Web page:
It took around 15 days of work to finally have a brand new toerail and new hand rails. To finish the job, every screw head was covered with a 10 mm wood plug.


To fit the plugs, we used polyurethane PU glue,  keeping in mind that this type of glue has the tendency to expand when curing.

To avoid this effect, we brushed a small amount of glue only on the circumference of the plugs and used masking tape to keep them in position.



A decision  had to be made concerning the type of protection we had to apply on our new iroko toe and hand rails. We selected 6 products that looked promising. All of them have their qualities but also their disadvantages.

From left to right: Linseed oil, Turpentine, Drying agent, Teak Wonder, Epifanes Oil & Sealer and Epifanes Clear Varnish.


With those ingredients we did 5 different tests:

1- Linseed Oil + turpentine + drying agent

2- Teak Wonder

3- Epifanes Teak Oil

4- Epifanes Teak Oil + Thinner 20%

5- Clear varnish + Teak oil 25% + Thinner 5%


We left the iroko pieces for several days in the sun and checked the results. Apparently, anything containing oil (Linseed or Tung) tends to color the wood but also attracts a lot of dust (test  1-3-4). Oils do get darker when exposed to strong sunshine. The test  5, which was a bit of an experiment, made the wood very sticky.  Even more sticky than with Teak Oil. We finally chose Teak Wonder (test  2) which has the advantage of keeping the Iroko as it is and does not attract dust. The other positive point with Teak Wonder is that it is Silicon Based, so it seals the wood and keeps the natural oils inside.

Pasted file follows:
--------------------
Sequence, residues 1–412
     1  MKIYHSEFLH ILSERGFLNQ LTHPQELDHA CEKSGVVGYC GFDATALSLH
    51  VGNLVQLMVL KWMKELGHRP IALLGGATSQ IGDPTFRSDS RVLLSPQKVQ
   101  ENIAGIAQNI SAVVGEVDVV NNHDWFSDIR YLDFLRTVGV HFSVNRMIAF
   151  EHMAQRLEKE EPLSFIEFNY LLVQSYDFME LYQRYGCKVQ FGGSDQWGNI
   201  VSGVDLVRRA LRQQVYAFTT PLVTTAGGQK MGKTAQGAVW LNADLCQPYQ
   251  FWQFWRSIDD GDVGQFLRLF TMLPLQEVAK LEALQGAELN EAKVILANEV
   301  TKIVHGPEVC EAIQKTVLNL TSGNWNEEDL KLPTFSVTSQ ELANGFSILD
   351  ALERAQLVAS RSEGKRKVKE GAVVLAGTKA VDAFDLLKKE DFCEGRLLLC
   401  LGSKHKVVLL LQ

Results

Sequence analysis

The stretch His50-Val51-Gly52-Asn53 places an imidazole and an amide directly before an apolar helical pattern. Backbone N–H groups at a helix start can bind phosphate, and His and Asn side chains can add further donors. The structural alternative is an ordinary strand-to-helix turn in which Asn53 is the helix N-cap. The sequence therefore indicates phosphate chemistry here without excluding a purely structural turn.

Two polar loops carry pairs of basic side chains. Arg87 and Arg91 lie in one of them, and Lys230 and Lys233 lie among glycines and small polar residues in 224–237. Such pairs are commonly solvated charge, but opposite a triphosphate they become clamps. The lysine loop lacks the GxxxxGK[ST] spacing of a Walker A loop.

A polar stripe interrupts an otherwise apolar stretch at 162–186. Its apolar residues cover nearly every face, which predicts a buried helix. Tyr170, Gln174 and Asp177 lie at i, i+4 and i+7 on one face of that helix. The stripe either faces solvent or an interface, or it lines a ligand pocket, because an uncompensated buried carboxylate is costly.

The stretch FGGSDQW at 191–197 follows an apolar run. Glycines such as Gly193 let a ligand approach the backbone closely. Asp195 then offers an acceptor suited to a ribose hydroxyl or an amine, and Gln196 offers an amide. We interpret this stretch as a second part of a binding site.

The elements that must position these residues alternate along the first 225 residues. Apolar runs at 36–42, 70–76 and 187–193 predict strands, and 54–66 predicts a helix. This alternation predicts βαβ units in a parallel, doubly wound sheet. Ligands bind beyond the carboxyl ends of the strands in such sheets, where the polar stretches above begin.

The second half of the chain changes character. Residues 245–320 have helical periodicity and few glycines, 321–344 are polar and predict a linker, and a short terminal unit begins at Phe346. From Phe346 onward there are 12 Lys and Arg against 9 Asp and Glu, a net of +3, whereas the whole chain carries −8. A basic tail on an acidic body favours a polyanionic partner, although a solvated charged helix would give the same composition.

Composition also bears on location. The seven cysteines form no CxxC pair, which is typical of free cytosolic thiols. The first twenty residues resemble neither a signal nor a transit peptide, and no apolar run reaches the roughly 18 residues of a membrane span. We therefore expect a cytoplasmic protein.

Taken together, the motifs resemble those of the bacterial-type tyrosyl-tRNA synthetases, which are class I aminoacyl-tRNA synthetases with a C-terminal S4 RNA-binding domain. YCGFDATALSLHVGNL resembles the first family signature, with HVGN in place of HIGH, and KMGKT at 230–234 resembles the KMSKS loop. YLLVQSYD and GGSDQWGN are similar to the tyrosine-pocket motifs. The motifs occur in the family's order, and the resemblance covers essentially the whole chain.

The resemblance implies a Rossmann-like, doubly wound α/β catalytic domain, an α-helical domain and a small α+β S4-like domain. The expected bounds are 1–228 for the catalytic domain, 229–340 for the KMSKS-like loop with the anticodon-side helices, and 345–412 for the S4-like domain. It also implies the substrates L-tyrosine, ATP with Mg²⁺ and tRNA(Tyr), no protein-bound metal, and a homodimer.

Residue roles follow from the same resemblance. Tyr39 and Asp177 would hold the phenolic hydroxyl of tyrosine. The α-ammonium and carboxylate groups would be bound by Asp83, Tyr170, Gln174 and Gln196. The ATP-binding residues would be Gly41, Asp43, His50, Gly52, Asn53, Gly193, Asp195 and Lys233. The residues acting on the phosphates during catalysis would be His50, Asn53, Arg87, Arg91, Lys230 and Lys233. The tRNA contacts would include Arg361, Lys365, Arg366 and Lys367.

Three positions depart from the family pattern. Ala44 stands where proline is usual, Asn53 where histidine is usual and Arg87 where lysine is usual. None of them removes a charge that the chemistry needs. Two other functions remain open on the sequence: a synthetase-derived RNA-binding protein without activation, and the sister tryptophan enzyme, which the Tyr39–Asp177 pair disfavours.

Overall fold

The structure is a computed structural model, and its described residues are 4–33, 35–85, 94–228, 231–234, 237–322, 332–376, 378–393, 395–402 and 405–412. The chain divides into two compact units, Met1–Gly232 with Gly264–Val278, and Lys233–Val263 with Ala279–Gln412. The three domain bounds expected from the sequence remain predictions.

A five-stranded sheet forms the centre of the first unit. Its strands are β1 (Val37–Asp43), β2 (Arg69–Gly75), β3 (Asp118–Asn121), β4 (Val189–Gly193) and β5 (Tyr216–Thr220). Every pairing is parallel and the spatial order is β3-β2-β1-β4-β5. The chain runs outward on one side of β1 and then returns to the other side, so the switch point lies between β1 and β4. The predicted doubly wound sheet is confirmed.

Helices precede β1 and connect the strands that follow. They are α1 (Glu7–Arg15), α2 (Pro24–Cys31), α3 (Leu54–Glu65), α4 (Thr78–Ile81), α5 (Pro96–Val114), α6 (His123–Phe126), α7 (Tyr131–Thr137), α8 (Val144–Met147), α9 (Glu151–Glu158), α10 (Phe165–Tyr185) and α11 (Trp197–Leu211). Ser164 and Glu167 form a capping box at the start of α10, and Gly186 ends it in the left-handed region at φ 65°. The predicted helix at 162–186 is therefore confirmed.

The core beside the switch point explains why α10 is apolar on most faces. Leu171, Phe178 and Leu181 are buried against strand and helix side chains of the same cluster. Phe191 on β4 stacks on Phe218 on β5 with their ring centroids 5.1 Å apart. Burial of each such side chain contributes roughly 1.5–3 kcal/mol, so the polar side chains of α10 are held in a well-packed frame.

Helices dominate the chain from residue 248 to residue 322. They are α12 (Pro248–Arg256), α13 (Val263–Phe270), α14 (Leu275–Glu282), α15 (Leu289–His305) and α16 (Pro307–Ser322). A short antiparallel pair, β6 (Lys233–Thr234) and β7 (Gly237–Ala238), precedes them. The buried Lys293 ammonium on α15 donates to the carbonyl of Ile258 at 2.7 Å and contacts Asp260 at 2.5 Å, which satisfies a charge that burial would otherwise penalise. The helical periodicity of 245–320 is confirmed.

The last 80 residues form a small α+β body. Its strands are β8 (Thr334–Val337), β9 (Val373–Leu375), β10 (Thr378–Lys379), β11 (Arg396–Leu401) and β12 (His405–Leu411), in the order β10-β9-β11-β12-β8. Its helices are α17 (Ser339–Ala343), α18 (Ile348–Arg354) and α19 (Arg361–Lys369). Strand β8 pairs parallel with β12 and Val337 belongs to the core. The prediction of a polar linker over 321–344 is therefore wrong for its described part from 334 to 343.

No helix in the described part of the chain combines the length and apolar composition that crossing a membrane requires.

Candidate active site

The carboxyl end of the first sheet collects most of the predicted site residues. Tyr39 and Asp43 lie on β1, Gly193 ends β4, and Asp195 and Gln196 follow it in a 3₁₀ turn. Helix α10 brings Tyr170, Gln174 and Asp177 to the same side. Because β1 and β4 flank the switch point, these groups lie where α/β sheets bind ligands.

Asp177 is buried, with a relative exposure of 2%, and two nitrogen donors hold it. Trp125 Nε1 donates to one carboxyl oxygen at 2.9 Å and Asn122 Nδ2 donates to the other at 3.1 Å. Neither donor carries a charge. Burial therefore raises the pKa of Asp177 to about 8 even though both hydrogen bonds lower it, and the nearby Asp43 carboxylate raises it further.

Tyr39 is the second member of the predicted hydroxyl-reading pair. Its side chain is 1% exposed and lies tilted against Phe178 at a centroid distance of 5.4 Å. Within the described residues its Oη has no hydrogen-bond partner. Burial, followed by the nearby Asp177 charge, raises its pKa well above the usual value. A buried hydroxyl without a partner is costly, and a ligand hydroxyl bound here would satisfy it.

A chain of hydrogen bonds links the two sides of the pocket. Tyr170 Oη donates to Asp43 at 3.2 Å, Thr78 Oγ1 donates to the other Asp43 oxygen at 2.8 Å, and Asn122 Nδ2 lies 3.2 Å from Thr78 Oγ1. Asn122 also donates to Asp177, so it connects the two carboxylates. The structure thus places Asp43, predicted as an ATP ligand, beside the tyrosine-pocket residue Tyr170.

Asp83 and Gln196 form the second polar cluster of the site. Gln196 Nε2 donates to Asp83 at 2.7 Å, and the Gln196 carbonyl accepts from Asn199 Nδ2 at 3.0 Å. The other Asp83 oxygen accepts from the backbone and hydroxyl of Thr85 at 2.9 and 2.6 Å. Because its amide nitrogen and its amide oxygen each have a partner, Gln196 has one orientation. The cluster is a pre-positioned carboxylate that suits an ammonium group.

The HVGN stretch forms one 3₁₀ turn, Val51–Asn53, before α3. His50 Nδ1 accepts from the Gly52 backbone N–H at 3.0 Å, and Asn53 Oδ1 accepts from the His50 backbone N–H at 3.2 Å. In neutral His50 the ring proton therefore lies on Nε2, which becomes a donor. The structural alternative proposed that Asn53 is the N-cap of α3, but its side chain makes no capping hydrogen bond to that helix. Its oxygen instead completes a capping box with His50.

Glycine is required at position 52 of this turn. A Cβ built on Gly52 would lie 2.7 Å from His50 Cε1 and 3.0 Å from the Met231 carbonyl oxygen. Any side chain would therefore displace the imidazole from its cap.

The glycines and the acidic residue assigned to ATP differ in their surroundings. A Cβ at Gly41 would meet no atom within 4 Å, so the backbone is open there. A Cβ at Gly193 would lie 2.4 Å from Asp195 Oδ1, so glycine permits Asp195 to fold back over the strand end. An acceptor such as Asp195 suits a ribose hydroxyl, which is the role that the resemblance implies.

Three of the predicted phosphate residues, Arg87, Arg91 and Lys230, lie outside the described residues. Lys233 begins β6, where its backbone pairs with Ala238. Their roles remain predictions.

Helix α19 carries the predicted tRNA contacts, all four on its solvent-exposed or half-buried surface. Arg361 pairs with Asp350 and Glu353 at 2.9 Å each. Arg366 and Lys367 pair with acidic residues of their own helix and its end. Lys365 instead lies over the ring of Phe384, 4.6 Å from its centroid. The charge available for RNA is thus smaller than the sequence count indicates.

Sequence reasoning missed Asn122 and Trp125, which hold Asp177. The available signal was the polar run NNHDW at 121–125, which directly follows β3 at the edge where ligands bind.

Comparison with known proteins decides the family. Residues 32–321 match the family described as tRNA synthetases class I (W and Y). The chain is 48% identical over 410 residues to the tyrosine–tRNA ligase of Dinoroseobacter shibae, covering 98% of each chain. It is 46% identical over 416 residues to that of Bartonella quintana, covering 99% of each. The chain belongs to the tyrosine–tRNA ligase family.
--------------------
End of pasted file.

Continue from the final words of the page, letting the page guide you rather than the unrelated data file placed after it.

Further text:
Here is something completely different from carpentry ! The depth sounder transducer…It seems that on most old Contessas 32, there is a hole just in front of the keel. This is probably the best spot for such an instrument but the V shape of the hull makes installation a bit tricky. We decided to fit the case of the depth transducer with epoxy resin and glass fibers. This way, we managed to avoid sharp edges and made sure everything was watertight.

Meanwhile, the new tiller arrived from Jeremy Rogers Yard !!!

The toe rail installation was completed one day before Easter. Just on time for the lamb feast !

We both agreed that it was one of the most difficult jobs we had to do by now, if not the most difficult ! We were really exhausted… our backs and knees were hurting, but we were so happy and proud that we managed to complete this challenging task.